The New Brunswick Performing Arts Center in New Brunswick — Courtesy: New Brunswick Development Corp.
By Joshua Burd
The long-awaited New Brunswick Performing Arts Center has opened its doors, marking the debut of a $172 million, mixed-use project that is poised to transform the city’s acclaimed arts district.
A crowd of stakeholders, supporters and dignitaries on Wednesday packed the lobby of the 23-story building on Livingston Avenue, which has brought new performance venues, more than 200 apartments and office space to downtown New Brunswick. The milestone follows some 22 months of construction and results from a complex array of private and public financing sources, a partnership that was celebrated during a grand opening ceremony.
“Tonight is all about the arts, community, partnership and leadership,” said Chris Paladino, the president of New Brunswick Development Corp., the organization behind the 450,000-square-foot project and so many other high-profile developments in the city.
Designed by Elkus Manfredi Architects, the complex occupies the site of the former George Street Playhouse and Crossroads Theater. It is now the home of both theater companies, which are longtime fixtures in the city, along with the American Repertory Ballet and Mason Gross School of the Arts at Rutgers University-New Brunswick.
The groups benefit from two state-of-the-art theaters and rehearsal studios, while maintaining office space alongside the offices for Middlesex County’s arts, culture and heritage organizations. The luxury residential tower that sits atop the venue, owned and operated by Pennrose LLC, includes a 20 percent set-aside for affordable units and amenities such as an outdoor roof deck, a demonstration kitchen, work space and a fitness center.
Stakeholders on Wednesday highlighted the new addition to New Brunswick’s downtown arts district, already one of the best-known in the state. But they also touted NBPAC as a groundbreaking project for the city and the latest milestone in more than decades of economic revival.
Assembly Speaker Craig Coughlin, a lifelong Middlesex County resident, called it “the next step in the renaissance that is New Brunswick.”
“There was a time when New Brunswick wasn’t a place where you talked about coming for dinner or spending time with your friends,” Coughlin said. “It’s just the opposite right now. It is the best example of what redevelopment can do, of what commitment can do and what a special place you can truly build if you push all in the right direction.”
Rutgers University President Robert Barchi echoed that sentiment, highlighting NBPAC as a strong example of how public-private partnerships should work and a “tremendous resource” for Mason Gross and other members of the arts community. He also touted its broader impact on New Brunswick, which he said is a product of Devco’s ongoing work in the city.
“This project is transforming the city of New Brunswick and is adding to the things that you’ve already done here,” Barchi said. “When my alumni come back — many of them not having seen Rutgers New Brunswick in five years, 10 years or 20 years — they say, ‘I don’t believe it — this isn’t the same old Rutgers.’ And my comment to them is, ‘Yeah, it’s not the same old Rutgers. It’s not the same old New Brunswick, either.’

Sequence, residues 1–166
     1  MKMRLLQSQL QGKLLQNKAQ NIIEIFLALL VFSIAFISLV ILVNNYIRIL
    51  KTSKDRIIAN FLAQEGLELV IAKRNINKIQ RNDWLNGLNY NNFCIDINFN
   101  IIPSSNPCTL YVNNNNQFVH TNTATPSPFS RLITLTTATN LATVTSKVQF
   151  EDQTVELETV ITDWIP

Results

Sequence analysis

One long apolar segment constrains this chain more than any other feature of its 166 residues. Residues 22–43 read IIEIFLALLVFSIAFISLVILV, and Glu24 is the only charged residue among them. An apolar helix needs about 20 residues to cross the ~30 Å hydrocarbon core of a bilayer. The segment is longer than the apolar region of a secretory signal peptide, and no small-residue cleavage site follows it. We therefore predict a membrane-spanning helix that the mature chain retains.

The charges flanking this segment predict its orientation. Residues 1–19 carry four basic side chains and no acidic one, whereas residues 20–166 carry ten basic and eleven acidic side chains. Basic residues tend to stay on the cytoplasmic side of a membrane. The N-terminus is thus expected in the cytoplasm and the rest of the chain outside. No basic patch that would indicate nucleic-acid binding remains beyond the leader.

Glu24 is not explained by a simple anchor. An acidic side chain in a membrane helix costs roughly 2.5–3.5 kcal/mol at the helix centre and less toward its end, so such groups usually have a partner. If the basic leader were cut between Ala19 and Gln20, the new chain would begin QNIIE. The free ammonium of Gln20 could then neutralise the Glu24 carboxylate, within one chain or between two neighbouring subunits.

“And it’s a combination of the dynamism that we see now in this new and growing New Brunswick and the old and growing Rutgers University that’s making it an attraction, a draw, bringing some of the best students here, attracting some of the best faculty here.”
Along with participation by Devco and Pennrose, the financing package for NBPAC includes Pillar Financial/Fannie Mae, Citibank, Investors Bank, Aegon and Rutgers University, which helped complete the transaction alongside private equity sources. The project also involves a long list of other stakeholders: the city of New Brunswick, Middlesex County, the state Economic Development Authority, New Brunswick Cultural Center and the New Brunswick Parking Authority.
The most high-profile among those funding sources is a $40 million tax credit under the state’s Economic Redevelopment and Growth program, which was authorized in 2016 last year by special legislation. To that end, Paladino highlighted the support of key state officials including Senate President Steve Sweeney, who helped bring the project to fruition.
“He supported us, he solved problems for us and he was there throughout construction,” Paladino said. “He came on tours and gave encouragement to the working men and women of the trades.
“And he truly understands that access to talented and creative people is to the modern economy what access to coal and iron ore was to steelmaking back in the day. It’s crystal clear that, without his resolve, we would not be here tonight.”
Paladino heaped similar praise on New Brunswick Mayor James Cahill, describing him as a problem-solver and a champion of the arts. It should come as no surprise, he said, that the mayor “has also served as the motivator-in-chief” for a performing arts center that is a decade in the making.
Cahill, in turn, complimented Paladino and his team on Devco’s history of projects and their “truly immeasurable” impact on the city, arguing that the impact of its latest development cannot be understated.
“I don’t think it’s any coincidence that the resurgence of New Brunswick has run a parallel course with the emergence and the growth of our arts community,” Cahill said. “The arts have been a transformative force, serving as an economic engine and fueling the heart and soul of our community.”